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The Holy Family with St John the Baptist, see detail pictured right, thought to have been painted around 1627/28, is an oil on panel, 21in by 2ft 71/2in (53 x 80cm). It is expected to fetch about £600,000.

The picture’s existence only became clear when the former Keeper of the Queen’s Pictures, Anthony Blunt, wrote a monograph on Poussin declaring that an engraving showed that there must be an original painting somewhere.

The work was recently rediscovered by the Galerie Koller, having been in the possession of a noble French family for the past 200 years. The family had emigrated to Switzerland in the 16th century. The Galerie also reports that the attribution has been confirmed by Sir Dennis Mahon as well as by French experts.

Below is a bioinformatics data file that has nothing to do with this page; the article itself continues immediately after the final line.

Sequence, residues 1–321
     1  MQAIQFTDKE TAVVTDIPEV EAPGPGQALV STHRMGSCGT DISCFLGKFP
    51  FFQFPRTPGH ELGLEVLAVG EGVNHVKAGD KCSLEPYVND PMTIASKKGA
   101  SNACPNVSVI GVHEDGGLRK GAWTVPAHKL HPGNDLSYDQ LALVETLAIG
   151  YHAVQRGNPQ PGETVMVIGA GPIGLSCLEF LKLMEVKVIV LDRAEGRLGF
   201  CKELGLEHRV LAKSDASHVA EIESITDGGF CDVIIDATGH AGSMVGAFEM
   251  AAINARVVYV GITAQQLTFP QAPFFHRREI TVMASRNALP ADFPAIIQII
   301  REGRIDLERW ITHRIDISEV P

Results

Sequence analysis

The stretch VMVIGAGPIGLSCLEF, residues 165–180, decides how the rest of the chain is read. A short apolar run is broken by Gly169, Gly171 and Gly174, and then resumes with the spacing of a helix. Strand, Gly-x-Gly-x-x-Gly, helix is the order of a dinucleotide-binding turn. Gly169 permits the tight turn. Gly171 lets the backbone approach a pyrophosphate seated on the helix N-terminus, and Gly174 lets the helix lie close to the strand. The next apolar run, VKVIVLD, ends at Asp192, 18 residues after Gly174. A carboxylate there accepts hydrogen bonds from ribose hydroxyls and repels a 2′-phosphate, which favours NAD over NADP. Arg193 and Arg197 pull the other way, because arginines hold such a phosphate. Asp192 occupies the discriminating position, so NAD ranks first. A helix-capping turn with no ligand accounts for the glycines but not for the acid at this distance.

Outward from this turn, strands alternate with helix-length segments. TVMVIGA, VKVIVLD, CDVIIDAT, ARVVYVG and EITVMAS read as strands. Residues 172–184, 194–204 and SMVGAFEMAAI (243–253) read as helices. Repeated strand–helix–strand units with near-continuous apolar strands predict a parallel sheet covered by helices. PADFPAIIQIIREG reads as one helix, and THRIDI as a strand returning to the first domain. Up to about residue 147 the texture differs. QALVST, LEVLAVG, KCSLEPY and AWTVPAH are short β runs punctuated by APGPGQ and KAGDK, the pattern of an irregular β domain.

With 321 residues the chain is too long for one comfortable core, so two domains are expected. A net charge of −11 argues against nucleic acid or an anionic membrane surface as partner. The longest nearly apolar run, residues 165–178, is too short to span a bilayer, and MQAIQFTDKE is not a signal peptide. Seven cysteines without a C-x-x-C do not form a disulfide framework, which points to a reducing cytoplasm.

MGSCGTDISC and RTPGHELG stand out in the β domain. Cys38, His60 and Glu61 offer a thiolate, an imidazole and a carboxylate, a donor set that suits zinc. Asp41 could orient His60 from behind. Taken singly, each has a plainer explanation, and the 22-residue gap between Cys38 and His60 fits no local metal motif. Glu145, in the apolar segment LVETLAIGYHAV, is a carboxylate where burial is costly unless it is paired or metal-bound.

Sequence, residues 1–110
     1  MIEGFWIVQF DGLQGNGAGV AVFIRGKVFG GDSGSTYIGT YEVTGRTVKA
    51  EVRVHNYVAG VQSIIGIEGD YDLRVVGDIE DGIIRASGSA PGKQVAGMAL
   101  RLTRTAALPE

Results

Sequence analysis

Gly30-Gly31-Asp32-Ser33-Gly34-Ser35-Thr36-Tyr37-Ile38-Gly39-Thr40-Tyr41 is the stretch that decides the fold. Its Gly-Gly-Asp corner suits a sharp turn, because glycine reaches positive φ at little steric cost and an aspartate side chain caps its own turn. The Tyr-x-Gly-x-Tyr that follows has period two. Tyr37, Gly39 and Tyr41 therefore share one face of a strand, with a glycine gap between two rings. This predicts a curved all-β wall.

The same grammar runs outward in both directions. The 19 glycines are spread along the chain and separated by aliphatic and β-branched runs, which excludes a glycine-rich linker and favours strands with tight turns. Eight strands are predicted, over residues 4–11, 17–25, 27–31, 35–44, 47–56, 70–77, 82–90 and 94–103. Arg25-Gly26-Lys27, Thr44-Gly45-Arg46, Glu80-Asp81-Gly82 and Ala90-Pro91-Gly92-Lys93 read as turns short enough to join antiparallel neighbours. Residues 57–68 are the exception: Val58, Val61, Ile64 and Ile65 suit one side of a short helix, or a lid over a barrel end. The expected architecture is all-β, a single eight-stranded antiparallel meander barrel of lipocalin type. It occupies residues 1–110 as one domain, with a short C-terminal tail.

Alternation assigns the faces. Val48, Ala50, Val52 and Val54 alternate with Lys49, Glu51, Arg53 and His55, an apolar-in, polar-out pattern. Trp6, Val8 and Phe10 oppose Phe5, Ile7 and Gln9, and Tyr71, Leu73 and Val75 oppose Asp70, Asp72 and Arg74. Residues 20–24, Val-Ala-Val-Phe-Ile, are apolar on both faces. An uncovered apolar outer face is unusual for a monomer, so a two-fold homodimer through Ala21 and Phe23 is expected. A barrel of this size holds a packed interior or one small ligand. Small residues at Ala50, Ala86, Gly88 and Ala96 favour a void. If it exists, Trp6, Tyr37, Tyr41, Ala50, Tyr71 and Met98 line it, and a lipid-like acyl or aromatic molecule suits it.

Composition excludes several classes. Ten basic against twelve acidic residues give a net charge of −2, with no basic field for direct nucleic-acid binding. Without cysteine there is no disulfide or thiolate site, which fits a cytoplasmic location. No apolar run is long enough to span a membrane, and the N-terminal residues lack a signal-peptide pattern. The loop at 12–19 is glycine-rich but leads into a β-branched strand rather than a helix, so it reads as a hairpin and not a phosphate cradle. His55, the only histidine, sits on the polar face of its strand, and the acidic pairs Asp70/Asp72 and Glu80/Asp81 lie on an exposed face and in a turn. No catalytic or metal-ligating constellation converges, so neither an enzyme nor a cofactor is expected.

Charlotte Brontë as painter

Another rediscovery leading to a rare offering at auction is the portrait miniature, right, by Charlotte Brontë.
Uncovered during a routine house valuation at Sutton on Sea, the miniature, which is thought to be worth in the region of £10,000, had been lost for over 100 years, its whereabouts last being recorded in 1895.

The sitter of the portrait is a Mrs Hudson who lived at Easton Farm near Bridlington where Charlotte and her friend Ellen Nussey visited in 1839. It is thought that the portrait was painted during their stay.

“It is difficult to estimate what this will realise as there is no precedent for the sale of a portrait miniature by Charlotte Brontë in recent years,” said Bruce Fern, managing director of Neales of Nottingham where the portrait will be put up for auction on November 29.